Waugh returns to Australian camp as Langer gears for fourth Test at Old Trafford

Australia's loss at Headingley led to a tough week for Justin Langer, but the coach insists his side are confident heading to Old Trafford.

Justin Langer and Steve Waugh   -  Getty Images

Justin Langer felt physically sick after Australia's dramatic defeat at Headingley but has revelled in one of the toughest weeks of his coaching career as Steve Waugh returned to the visitor's camp for the remaining Ashes Tests.

Ben Stokes was England's hero in Leeds, clubbing his way to 135 not out to lead the hosts to a thrilling one-wicket victory that levelled the series.

Australia, however, will retain the Ashes should it win the fourth Test, which starts at Old Trafford on Wednesday.

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Though Langer labelled the days following Headingley as the hardest he has endured as a coach, the former Australia opener has enjoyed rallying his squad for the upcoming matches.

"As challenging as this week's been, it's been awesome," Langer said.

"I've loved this last week of coaching, because you can either sit back and feel sorry for yourself and put it under the carpet, or you can work out ways to make sure we're up for the first ball and then the next Test match.

"That's the toughest part of it, we were that close [to victory], I actually felt physically sick after it, then I went back to my room and I wasn't sure whether to cry my eyes out or smash my hotel room.

"For most people it's just a game of cricket, but when so much goes into it, it means a lot. You do take it personally because I know how much work's going into it.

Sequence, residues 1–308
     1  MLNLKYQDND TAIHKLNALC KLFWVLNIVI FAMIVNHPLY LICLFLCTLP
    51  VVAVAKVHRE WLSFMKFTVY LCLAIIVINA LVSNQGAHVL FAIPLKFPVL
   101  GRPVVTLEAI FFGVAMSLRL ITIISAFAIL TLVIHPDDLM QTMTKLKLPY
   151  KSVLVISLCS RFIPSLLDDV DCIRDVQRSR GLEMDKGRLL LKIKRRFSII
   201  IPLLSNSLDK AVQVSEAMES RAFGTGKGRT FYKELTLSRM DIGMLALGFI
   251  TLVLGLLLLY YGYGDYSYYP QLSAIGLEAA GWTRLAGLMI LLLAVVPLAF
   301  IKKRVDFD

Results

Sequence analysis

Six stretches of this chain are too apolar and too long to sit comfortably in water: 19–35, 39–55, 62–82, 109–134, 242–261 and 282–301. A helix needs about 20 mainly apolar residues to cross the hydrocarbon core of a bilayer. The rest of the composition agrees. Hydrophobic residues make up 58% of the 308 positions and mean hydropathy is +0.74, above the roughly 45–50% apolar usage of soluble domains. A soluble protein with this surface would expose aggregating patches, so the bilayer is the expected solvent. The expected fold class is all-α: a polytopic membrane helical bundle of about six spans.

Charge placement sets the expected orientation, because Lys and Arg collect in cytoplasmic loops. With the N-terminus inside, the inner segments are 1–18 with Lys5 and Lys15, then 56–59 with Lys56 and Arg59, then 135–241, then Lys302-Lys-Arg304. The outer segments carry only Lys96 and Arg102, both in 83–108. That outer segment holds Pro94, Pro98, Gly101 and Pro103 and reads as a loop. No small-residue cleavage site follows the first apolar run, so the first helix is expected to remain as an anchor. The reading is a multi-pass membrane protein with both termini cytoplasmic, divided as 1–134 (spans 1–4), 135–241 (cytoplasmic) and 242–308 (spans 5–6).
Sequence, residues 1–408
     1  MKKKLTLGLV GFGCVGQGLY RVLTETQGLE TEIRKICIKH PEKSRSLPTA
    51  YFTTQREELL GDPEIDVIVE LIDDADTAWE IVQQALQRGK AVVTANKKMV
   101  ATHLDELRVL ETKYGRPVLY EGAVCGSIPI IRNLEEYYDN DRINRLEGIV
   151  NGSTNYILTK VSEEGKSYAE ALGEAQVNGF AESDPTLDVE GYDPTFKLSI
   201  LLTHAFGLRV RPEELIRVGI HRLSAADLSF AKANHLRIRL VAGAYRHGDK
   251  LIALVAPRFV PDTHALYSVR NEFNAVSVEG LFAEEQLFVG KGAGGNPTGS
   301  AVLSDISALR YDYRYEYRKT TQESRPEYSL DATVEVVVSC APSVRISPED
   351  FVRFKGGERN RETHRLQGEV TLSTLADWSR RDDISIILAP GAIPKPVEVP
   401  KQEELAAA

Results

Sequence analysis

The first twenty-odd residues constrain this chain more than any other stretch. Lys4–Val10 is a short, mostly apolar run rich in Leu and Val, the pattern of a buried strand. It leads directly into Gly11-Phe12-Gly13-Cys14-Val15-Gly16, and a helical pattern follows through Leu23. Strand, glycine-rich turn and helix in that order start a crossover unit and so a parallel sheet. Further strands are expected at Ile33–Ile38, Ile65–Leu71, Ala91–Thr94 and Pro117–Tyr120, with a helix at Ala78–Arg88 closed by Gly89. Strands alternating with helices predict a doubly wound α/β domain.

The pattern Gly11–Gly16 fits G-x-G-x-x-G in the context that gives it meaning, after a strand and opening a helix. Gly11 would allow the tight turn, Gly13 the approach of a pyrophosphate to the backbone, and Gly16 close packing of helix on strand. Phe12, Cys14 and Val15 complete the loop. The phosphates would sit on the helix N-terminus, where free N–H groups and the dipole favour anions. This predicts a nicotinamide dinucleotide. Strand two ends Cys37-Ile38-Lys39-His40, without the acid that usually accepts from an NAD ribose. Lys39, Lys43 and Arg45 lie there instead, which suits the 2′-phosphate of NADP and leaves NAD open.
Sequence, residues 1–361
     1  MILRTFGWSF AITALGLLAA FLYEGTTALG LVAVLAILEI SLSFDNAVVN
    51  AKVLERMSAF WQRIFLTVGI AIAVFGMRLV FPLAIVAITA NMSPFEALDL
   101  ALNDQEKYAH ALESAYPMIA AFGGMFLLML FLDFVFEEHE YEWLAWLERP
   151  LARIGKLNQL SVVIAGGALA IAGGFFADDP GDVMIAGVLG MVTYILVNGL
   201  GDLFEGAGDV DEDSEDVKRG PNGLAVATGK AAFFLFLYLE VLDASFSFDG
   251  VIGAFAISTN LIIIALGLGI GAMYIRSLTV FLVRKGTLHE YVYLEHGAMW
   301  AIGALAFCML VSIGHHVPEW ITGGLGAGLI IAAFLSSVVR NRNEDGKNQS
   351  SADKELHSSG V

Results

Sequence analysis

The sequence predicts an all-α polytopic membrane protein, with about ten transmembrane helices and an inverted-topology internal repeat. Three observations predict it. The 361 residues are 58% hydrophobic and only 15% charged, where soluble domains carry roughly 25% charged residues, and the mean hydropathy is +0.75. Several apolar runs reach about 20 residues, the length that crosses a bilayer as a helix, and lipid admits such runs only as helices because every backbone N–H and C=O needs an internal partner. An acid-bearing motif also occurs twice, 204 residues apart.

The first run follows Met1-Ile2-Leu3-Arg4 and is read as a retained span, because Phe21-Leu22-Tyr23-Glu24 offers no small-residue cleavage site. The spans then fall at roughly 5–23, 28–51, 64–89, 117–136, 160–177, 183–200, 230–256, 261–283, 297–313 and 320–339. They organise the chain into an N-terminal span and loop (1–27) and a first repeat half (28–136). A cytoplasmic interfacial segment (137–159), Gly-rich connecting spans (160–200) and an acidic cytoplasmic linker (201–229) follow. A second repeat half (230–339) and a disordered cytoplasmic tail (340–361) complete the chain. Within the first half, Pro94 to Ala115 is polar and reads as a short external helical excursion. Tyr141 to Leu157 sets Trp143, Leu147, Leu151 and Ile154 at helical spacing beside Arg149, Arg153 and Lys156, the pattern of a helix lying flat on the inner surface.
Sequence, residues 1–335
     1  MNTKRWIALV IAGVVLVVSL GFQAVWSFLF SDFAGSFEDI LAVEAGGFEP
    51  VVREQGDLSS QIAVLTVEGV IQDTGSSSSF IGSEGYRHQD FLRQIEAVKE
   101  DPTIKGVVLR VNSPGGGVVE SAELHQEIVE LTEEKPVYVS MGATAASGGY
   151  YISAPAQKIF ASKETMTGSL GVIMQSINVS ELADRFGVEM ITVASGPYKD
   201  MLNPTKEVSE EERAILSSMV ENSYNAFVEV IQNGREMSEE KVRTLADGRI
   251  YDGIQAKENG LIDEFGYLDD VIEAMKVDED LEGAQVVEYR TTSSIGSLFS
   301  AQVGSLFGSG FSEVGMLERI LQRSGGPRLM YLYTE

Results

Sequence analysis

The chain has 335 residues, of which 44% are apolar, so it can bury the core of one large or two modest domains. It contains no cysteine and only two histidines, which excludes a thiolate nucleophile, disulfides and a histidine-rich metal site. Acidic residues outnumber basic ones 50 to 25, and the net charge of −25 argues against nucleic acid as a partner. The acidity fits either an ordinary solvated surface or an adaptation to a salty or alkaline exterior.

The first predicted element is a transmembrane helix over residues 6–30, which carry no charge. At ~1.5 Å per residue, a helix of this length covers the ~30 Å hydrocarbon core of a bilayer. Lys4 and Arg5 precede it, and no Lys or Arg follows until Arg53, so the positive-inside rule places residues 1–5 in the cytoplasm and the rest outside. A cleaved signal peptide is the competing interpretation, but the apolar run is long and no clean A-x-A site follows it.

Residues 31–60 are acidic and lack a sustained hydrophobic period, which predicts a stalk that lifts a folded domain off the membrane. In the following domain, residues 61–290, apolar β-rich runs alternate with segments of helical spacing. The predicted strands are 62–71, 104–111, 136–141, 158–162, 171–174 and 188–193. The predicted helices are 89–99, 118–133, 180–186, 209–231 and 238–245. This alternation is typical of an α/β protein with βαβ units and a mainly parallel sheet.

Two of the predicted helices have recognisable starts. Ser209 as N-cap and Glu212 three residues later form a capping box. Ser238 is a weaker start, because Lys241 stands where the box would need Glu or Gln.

"You never like to let opportunities slip in your life. But that's okay, we'll make sure we learn from it."

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Langer received a further boost ahead of the Old Trafford Test, with Waugh returning to the backroom team after missing the third match.

Like Ricky Ponting during the World Cup, Waugh mentored Australia's squad throughout the opening two Tests and Langer is delighted to welcome a key figure of his staff back to the fold.

"Guys like Ponting and Waugh, not only do they have a great presence in the group, but they are great psychologists," Langer said.

"They've been in the cauldron before, they've seen it all, so to have that those type of guys, we are talking about developing leadership in Australian cricket, to have our guys to learn from people of that calibre is very important.

"He's been like a kid at Christmas, to come back after such a long time away from the game, his passion and enthusiasm has been brilliant.

"We asked him to stay for the third Test but he had to go back for a function, he was actually going to fly there, do the function and fly back the next day. That's how much he is enjoying it and we see great value."